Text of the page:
They were eventually forced to slow down as the ground ahead became too broken from magic, the bodies of soldiers and cataphracts piled up, and the air became choked with dust and smoke, further obscuring the view of those in the vale beyond the late-night darkness. A sixth-tier cataphract tried to take advantage by charging at Trajan, hoping to strike a mortal blow against the Legion soldiers by taking the head of their Prince.
“Hear me, Trajan!” the Warrior-Chief roared as he spurred his horse into a charge. “I am Mihangel, the man who will take your he-“ As he was busy identifying himself, Lapis appeared from the smoke of the battlefield and with a swipe of its long rocky arm, took out the legs of Mihangel’s horse, sending the man crashing to the ground. The stone giant didn’t waste a second, immediately conjuring a stone spike from the ground and impaling the Warrior-Chief before he could react.
Trajan might have laughed at the absurdity, but not in the middle of a battle. He could spare no more attention to that Warrior-Chief after his failure. He could only keep pushing forward.
By the time the Legion cavalry column reached the walls of Constantine’s fort, they had lost a few hundred soldiers to the Talfar counter attacks, but they had left countless cataphracts and chariot teams dead in their wake.
The doors of the fort burst open upon their arrival, allowing Trajan, Leon, and several dozen other Legion soldiers to ride straight in.
“Constantine!” Trajan shouted, looking for his knight.
“Up here, Your Highness!” came an answering shout.
Both Leon and Trajan turned toward the voice and saw a warrior dressed in armor made of blood-red scales and wearing a helmet with the face of an indifferent god. This warrior was pulling his sword out of the chest of a dying fifth-tier Talfar Warrior-Captain.
“Let’s go! You’ve done your job!” Trajan shouted.
“On my way!” Constantine responded, leaving the fifth-tier Warrior-Captain who failed to realize he was challenging a sixth-tier mage with decades of experience over him. “Let’s go, everyone! Follow your Prince!”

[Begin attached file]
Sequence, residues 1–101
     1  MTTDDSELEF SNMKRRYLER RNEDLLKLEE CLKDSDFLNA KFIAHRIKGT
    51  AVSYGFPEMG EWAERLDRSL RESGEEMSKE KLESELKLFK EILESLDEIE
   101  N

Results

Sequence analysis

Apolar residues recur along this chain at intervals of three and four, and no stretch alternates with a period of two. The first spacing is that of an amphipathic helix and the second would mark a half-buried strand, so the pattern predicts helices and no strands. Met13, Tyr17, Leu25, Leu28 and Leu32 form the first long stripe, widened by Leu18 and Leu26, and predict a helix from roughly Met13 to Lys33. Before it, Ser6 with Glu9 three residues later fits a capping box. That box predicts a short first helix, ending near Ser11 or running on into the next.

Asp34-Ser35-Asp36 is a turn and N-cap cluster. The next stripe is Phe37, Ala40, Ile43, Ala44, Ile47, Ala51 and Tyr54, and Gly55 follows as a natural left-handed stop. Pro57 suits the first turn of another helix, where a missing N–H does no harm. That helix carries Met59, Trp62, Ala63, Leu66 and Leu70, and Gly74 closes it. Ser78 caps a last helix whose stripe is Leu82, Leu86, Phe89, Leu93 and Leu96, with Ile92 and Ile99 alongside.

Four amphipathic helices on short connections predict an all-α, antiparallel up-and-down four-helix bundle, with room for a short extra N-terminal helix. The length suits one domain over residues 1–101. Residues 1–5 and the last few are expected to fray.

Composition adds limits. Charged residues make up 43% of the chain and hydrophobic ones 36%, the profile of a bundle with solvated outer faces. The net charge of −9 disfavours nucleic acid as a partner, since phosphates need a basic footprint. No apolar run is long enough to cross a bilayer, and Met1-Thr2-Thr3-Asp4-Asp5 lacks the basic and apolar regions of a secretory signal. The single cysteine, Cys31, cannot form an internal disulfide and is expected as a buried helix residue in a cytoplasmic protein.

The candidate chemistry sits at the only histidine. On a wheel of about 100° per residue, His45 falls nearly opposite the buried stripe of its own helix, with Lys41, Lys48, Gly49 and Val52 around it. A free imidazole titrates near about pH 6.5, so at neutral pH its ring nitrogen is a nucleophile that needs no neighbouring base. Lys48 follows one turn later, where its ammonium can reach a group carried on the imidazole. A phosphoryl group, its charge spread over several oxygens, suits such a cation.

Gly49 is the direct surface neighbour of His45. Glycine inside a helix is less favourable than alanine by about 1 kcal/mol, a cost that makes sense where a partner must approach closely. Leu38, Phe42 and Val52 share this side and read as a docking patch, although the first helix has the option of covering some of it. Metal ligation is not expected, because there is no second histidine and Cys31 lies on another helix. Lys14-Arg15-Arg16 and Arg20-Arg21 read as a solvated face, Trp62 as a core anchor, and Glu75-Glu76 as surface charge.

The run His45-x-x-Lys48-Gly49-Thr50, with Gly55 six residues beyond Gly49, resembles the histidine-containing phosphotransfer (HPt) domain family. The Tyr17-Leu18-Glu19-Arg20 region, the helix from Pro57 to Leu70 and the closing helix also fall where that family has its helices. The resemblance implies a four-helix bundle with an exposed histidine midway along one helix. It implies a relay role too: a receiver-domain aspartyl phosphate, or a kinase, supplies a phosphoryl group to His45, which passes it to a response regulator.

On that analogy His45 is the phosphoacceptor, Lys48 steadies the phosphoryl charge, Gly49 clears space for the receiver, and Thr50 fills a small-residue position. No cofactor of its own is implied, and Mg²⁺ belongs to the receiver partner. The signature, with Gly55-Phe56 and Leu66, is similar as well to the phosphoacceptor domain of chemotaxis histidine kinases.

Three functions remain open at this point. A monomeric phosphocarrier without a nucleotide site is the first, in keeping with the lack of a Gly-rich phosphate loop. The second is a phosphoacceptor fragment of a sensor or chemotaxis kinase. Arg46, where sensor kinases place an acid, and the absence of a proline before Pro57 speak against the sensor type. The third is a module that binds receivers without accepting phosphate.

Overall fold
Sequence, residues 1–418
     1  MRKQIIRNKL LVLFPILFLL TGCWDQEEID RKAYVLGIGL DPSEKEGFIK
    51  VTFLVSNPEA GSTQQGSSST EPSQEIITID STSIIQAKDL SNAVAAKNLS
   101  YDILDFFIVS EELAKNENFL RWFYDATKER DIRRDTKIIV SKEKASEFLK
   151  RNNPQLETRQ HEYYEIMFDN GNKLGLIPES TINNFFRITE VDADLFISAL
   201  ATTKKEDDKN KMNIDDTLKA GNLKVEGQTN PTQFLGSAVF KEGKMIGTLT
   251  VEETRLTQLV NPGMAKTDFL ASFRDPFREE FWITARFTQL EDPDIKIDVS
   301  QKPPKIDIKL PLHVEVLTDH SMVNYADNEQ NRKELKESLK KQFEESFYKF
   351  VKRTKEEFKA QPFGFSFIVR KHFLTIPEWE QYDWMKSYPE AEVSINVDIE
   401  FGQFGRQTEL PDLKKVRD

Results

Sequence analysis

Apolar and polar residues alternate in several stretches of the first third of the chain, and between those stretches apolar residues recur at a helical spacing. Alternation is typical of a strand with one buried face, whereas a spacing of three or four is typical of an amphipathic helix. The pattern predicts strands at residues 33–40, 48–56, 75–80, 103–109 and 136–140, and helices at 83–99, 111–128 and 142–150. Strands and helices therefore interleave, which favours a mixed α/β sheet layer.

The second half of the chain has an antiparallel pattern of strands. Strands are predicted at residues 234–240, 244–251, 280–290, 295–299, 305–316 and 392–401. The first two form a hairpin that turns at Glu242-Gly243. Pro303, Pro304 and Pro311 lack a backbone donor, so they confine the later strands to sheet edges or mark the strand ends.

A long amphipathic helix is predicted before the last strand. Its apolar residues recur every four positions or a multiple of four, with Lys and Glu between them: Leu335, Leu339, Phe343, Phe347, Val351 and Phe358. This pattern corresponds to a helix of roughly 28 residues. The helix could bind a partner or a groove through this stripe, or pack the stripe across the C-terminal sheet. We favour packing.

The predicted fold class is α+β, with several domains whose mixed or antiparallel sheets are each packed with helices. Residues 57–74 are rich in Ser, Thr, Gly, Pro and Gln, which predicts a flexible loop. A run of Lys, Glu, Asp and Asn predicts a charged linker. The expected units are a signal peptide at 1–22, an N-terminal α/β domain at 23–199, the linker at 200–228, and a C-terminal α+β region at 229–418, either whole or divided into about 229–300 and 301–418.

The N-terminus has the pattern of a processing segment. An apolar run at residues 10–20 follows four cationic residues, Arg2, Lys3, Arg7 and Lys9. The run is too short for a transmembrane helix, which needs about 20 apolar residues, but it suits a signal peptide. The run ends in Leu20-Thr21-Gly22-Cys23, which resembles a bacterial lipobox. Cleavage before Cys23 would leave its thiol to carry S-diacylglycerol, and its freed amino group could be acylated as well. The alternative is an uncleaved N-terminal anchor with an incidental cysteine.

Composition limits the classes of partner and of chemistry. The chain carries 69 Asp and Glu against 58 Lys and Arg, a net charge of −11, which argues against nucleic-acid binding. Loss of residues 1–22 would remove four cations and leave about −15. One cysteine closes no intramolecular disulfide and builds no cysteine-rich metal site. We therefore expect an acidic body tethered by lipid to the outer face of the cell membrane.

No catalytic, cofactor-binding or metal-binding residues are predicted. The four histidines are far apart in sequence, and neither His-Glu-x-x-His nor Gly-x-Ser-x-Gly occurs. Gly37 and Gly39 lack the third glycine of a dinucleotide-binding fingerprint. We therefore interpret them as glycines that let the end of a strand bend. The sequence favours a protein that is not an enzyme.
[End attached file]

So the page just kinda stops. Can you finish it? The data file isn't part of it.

The remaining soldiers within the fort leaped off the walls and assembled before Trajan. The Talfar soldiers who they had been fighting with tried to immediately follow, but blasts of magic from Trajan, Constantine, Leon, and other Legion soldiers deterred them long enough for Constantine’s soldiers to join Trajan’s cavalry column and leave the fort.
“Those in the towers…?” Trajan succinctly asked when Constantine approached.
“All dead, I believe,” Constantine replied. “Even if they are still alive, they’re now beyond reach…”
Trajan glanced over the plain, and from what little he could see through the dust and the haze of the dark battlefield, the towers had indeed all been destroyed, and the chariots, cataphracts, and infantry that had been dispatched to deal with them were being redirected toward Trajan’s cavalry column. Even more dangerous, the surprise of their charge had worn off, and the Talfar forces that had surrounded Constantine’s fort were rapidly regaining their coordination. Trajan knew that the Talfar army was about to push against them and that they couldn’t linger.
With a heavy heart, he wrote off those soldiers and knights in the towers as lost causes; he’d grabbed Constantine and the survivors from the fort, and that was what mattered.
“BACK TO THE HORNS!” the Prince roared, and the Legion cavalry turned around and left, this time with Leon and Trajan in the back rather than the front. As they fell back, Lapis kept pace with Leon, using its earth magic to halt any enterprising Talfar cataphract or chariot from overtaking the rear of the Legion column.
When the Legion cavalry made it back to the effective ranges for arrow fire from the walls of the Horns, all pursuit from Talfar forces halted, letting the Prince and his horsemen return to the safety of the walls.